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Haute Shots

Lina Khan
According to the F.T.C., if the Tapestry-Capri merger goes through, the combined entity would control more than 50 percent of the “accessible luxury” market, possibly leading the way to higher prices, fewer discounts and promotions, reduced innovation, and depressed employee wages and workplace benefits. Photo: Chip Somodevilla/Getty Images
Eriq Gardner
May 20, 2024

Three years into Joe Biden’s presidency, his neo-Brandeis antitrust brain trust has much to celebrate. From thwarting mergers like JetBlue-Spirit and Adobe-Figma to cracking down on noncompetes and junk fees, they’ve made Wall Street Journal op-ed writers apoplectic. For a victory lap this Tuesday, they’ll take center stage at the Anti-Monopoly Summit at the Westin Hotel in Washington, D.C., where the headliners will be Assistant Attorney General Jonathan Kanter, chair of U.S. Council of Economic Advisers Jared Bernstein, and of course, F.T.C. chair Lina Khan. Attendees, if they have any sense of humor, might tote this season’s hottest antitrust accessory—a stylish, mid-priced handbag.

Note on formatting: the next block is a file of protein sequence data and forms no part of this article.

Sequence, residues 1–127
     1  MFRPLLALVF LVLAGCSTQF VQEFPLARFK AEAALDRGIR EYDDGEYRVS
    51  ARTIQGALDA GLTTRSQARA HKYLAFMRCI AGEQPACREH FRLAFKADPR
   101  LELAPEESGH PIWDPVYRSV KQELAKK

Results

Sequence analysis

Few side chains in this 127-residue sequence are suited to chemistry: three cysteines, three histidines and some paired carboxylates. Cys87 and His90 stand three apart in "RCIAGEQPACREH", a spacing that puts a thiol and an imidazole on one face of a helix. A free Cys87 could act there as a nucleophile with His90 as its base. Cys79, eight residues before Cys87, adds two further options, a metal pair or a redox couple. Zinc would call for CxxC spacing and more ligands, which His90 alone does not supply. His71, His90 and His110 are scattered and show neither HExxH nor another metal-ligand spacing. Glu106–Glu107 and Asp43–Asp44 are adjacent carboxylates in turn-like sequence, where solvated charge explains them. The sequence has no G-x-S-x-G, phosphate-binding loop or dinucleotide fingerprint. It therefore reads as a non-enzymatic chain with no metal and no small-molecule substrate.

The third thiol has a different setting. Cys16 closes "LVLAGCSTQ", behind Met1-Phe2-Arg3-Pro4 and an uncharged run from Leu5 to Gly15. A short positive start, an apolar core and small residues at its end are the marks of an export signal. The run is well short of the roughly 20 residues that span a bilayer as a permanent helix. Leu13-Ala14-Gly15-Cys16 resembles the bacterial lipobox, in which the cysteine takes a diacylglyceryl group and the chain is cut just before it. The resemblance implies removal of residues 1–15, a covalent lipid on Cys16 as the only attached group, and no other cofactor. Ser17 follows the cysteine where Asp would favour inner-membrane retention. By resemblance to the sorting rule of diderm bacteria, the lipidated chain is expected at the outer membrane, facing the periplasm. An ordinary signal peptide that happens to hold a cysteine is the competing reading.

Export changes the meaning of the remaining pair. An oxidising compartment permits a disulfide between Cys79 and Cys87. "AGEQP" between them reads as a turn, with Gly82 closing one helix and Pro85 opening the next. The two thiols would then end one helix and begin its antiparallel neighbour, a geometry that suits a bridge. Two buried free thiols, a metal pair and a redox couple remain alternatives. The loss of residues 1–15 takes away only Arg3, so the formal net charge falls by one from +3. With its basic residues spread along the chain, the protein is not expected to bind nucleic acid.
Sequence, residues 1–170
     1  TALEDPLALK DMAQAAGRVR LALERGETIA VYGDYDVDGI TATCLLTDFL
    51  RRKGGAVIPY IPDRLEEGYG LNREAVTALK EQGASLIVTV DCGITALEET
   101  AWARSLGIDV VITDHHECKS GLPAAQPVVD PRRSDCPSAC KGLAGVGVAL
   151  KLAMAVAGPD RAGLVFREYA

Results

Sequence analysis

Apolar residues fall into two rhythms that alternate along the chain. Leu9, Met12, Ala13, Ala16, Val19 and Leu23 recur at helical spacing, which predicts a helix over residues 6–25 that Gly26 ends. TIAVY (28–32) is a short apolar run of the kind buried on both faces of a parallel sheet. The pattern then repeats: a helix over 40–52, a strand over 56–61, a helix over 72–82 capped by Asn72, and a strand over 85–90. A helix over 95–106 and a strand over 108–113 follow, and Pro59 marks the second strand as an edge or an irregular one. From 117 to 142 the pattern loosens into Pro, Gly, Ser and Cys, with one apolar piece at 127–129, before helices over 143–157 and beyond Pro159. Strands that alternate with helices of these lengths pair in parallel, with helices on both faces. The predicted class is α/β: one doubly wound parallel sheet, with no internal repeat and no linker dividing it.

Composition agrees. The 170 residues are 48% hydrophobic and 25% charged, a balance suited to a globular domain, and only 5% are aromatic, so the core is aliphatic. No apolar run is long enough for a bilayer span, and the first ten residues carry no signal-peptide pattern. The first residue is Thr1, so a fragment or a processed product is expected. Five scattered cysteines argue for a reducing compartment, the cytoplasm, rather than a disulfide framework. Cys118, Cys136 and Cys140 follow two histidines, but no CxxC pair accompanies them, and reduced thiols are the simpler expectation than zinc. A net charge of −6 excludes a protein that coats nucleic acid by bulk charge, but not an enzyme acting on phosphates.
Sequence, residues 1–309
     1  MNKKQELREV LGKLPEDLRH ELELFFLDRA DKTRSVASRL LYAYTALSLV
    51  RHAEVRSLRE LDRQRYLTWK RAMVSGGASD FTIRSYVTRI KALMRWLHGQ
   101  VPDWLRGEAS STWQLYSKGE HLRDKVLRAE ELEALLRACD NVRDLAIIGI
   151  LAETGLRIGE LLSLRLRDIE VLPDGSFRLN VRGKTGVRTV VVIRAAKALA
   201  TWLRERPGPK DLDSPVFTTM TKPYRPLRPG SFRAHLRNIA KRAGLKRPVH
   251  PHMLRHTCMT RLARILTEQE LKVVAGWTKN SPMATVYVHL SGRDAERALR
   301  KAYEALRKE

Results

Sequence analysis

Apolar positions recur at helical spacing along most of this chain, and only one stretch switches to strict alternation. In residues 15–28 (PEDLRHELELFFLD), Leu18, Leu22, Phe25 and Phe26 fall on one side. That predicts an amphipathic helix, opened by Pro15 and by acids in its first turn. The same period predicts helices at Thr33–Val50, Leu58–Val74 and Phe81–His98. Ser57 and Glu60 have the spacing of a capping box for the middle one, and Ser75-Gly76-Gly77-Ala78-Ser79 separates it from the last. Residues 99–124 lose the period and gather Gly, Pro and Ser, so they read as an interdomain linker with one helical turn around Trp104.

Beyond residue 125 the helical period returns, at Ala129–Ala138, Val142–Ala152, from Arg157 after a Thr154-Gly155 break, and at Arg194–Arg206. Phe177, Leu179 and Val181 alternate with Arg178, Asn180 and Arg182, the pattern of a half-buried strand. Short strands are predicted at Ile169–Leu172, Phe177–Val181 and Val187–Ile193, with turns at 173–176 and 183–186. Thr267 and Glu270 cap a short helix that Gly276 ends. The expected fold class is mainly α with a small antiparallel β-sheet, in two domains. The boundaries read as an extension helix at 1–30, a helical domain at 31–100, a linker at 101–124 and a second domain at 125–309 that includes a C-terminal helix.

Last month, after all, the F.T.C. filed suit to block the $8.5 billion merger of luxury fashion conglomerates Tapestry and Capri, prompting all sorts of groaning and eye-rolling from the fashion industry, which contends that the très gauche antitrust crew doesn’t understand a thing about how the luxury business actually works. For starters, of course, the market features hundreds of brands, fickle consumer tastes, and a low barrier to entry. Nevertheless, the F.T.C. has determined that the corporate marriage of the Tapestry brands (Coach, Kate Spade, and Stuart Weitzman) with Capri (Michael Kors, Versace, and Jimmy Choo) is too haute to handle. The agency’s complaint highlights how these brands compete in everything from “clothing to eyewear to shoes,” but the real crux of the case revolves around what the feds are calling the “accessible luxury handbag” market.